Such so-called scholarship, Vadum notes, “means politicized scholarship. It is not about the free pursuit of knowledge for knowledge’s sake. In other words, going to college is not about the disinterested pursuit of knowledge and truth. It’s about righting the perceived wrongs of the past and changing society in furtherance of so-called social justice.”
In a nutshell, that is what the Union of Concerned Scientists is all about. This perverse, anti-science thinking has driven the organization’s activities throughout its existence.
Not surprisingly, UCS pushes politicized pseudo-science.
Turning again to Mooney:
In the decades since the SDI proposal, UCS continued its war on science. Notably, in 1992, the group put together a “World Scientists’ Warning to Humanity” that combined doomsday demagoguery with pseudoscience. In apocalyptic terms, the statement invoked such then-fashionable dangers to humanity as ozone depletion, acid rain, and the “irreversible loss of species, which by 2100 may reach one-third of all species now living.” In a manner reminiscent of the eugenicists of the 1920s and ’30s, the UCS statement declared that we face “unrestrained population growth” and warned that, “[i]f we are to halt the destruction of our environment, we must accept limits to that growth.” The UCS added that humanity’s survival depends on foreign aid, “sexual equality,” and abortion.
“We the undersigned, senior members of the world’s scientific community, hereby warn all humanity of what lies ahead.” The UCS “Warning to Humanity” statement is comical, worthy of publication in the satirical newspaper The Onion, but it’s real.
UCS is a fraud. Anyone willing to pay $35 can join. One person even signed up his dog to drive the point home. The dog, Kenji, received a welcome kit and a signed letter from the president of UCS. And yet the media often quotes this group of laymen and activists as if it were a soberly scientific, rather than a political, organization.
Over the ensuing decades, UCS has agitated and propagandized for American disarmament. Think of someone telling you that it makes no sense, is provocative even, to take steps to defend yourself from potential harm. Or insure yourself against it. These are, at their core, the arguments of the UCS against missile defense and the possession of strategic nuclear weapons as a deterrent to possible attack. Emanating from this specious logic, the group’s current priority issues2 are “nuclear no-first use”; an end to “hair-trigger alert for the U.S. nuclear arsenal” (a position taken by both President Obama and Green Party presidential candidate Jill Stein in her Sept. 15, 2016 appearance on “Special Report,” Fox News Channel); the futility of missile defense; and multi- and unilateral nuclear arms reduction.
“No First Use”
The principle of “no first use” in nuclear weapons-policy parlance is essentially a nation-state’s promise not to use nuclear weapons except in retaliation for nuclear attack. As with many progressive tropes, the idea sounds noble, but it has the fatal weakness of real-world impracticality. Put less charitably, it is a national suicide pact.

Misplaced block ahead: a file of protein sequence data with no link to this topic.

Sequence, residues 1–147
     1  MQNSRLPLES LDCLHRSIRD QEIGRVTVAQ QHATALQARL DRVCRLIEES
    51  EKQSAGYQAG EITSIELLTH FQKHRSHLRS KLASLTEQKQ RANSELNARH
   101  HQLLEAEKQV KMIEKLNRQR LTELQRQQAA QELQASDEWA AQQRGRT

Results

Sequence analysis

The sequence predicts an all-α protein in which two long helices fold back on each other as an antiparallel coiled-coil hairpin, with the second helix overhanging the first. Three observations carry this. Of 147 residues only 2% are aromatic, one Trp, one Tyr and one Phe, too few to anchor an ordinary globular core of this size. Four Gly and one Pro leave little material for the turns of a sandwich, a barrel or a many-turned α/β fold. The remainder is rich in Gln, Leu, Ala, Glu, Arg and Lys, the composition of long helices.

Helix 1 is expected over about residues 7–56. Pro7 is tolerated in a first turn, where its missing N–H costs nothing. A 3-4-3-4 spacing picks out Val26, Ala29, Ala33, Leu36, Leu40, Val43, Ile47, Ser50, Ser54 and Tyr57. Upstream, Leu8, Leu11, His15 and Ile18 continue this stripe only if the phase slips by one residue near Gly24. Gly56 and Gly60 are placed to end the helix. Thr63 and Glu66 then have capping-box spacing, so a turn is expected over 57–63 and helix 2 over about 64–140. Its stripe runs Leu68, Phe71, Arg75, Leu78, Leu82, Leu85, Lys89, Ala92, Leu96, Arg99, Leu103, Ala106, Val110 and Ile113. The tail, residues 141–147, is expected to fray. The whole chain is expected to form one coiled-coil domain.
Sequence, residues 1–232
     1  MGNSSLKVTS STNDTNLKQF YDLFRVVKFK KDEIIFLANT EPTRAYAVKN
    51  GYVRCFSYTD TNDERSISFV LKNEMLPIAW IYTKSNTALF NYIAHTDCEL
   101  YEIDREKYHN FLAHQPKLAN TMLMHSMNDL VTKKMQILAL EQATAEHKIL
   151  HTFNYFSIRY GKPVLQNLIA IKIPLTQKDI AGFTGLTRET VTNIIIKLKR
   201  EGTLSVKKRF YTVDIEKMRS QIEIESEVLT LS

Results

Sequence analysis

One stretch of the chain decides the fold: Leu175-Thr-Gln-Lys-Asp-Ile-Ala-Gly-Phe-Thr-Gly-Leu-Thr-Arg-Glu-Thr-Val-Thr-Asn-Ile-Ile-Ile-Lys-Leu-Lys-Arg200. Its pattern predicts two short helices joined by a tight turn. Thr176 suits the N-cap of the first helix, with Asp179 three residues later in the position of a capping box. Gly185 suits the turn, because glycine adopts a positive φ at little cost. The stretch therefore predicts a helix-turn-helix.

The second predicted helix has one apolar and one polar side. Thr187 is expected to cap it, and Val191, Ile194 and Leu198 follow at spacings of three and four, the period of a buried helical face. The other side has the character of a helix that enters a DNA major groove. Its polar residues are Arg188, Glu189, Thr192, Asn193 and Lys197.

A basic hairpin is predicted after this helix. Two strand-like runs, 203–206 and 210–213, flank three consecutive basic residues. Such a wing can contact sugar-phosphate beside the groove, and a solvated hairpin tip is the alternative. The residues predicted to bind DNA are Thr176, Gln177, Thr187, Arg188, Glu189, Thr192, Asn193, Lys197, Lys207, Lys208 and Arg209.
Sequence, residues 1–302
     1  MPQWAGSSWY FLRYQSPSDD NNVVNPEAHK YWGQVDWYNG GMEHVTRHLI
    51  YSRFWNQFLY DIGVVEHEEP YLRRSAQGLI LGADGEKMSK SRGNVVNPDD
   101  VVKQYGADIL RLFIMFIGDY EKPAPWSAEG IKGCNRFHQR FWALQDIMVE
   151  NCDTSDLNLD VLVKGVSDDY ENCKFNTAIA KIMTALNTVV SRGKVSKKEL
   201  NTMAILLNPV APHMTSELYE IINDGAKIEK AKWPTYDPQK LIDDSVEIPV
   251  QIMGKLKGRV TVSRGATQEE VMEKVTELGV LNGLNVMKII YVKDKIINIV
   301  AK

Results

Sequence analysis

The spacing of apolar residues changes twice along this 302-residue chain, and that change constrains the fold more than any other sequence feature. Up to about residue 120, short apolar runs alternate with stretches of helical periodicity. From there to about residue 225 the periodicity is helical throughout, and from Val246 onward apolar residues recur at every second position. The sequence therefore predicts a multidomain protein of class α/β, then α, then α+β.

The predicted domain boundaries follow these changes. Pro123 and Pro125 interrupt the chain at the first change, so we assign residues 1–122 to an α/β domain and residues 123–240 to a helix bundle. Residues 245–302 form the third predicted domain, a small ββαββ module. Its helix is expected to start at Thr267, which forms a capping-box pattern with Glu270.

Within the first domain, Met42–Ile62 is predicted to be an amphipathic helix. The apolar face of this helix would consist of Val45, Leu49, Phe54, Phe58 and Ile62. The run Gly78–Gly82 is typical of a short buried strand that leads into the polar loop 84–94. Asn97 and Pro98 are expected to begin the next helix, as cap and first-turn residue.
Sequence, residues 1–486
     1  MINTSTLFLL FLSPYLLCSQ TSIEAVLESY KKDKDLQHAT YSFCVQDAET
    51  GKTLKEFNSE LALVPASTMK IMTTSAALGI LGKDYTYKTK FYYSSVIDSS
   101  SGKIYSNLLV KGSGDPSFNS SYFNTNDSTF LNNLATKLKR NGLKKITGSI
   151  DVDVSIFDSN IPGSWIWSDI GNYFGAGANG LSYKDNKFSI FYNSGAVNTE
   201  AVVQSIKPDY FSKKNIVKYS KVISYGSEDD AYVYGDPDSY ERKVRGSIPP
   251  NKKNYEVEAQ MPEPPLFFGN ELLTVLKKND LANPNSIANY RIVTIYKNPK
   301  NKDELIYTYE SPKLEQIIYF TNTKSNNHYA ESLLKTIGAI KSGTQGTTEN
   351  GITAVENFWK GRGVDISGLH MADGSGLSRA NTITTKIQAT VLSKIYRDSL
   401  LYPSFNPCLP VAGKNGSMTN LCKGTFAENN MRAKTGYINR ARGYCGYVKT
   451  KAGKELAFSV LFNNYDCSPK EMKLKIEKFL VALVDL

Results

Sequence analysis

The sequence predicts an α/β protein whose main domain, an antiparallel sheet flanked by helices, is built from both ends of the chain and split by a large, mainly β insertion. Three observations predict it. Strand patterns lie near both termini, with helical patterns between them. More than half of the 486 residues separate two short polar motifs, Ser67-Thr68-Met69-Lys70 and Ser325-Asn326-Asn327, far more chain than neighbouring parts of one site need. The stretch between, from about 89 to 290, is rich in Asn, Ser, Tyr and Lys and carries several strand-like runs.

Nuclear weapons are useful, not only for their intrinsic destructive power, but even more so as a deterrent to any attack (nuclear or non-nuclear, aka “conventional,” in military jargon). Pledging “no first use” also requires the generous assumption that other nuclear weapon states will be as restrained, a risky proposition in an age of nuclear proliferation.3
Once more, the language of the supposed issue is dubious. As an Institute for National Security Studies analysis concluded,4 “the term ‘hair-trigger’ alert is often used to describe the current [nuclear weapons] alert posture. This term is unhelpful to the debate because it inaccurately implies that ICBMs are postured in a way that minimizes decision-making time should a crisis erupt, or subjects nuclear weapons to either theft or unauthorized launch.”
So-called “hair-trigger,” or more accurately, high-alert status for strategic nuclear forces is a reasonable way to exercise vigilance toward all potential threats to national security, contrary to the knee-jerk pacifist view that such a status amounts to a perpetual saber-rattling show of force. UCS’s founding document, in its open opposition to “military technology,” and its subsequent default anti-defense positions in service to it, has egregiously failed to contemplate this understanding of vigilance.
Having opposed missile defense since its founding, UCS has incessantly denigrated research and development of missile defense and advocated against its funding. Broadly speaking, UCS has argued5 that missile defense is undesirable because of the high cost of overcoming technical challenges faced by “hitting a bullet with a bullet” interceptor programs, and the difficulty of defeating countermeasures and keeping pace with adversaries’ advances in technology. In other words, if you could not field a perfect system, and cheaply, it was not worth the attempt! Consider that premise as a guiding principle for any other field of government engineering or research, much less for building the world’s greatest military. And in the same breath, UCS also argues that the deterrent force of the U.S. nuclear arsenal makes missile defense unnecessary—even as the group advocates for nuclear disarmament!
UCS, again hearkening back to its anti-military roots, strongly advocates U.S. nuclear arms reduction,6 if not outright disarmament. It has strongly supported the Iran Nuclear Agreement7 and the New START Treaty8 with Russia. It has predictably promoted aggressive nuclear disarmament9 with little to no concern for verification or compliance by U.S. treaty/agreement partners. USC says “more needs to be done”10 in terms of U.S. nuclear arms reductions, but UCS does not identify a minimum threshold for a U.S. nuclear deterrent. Does it have one?
The Obama Administration and UCS’s Nuclear and Missile Defense Agenda
The Iran nuclear deal, the New START Treaty with Russia, and the 2009 cancellation of missile defense sites in Poland and the Czech Republic represent the Obama administration’s legacy in arms control policy and strategic defense. These initiatives’ objectives match the leftist, anti-defense, and anti-nuclear agenda of UCS.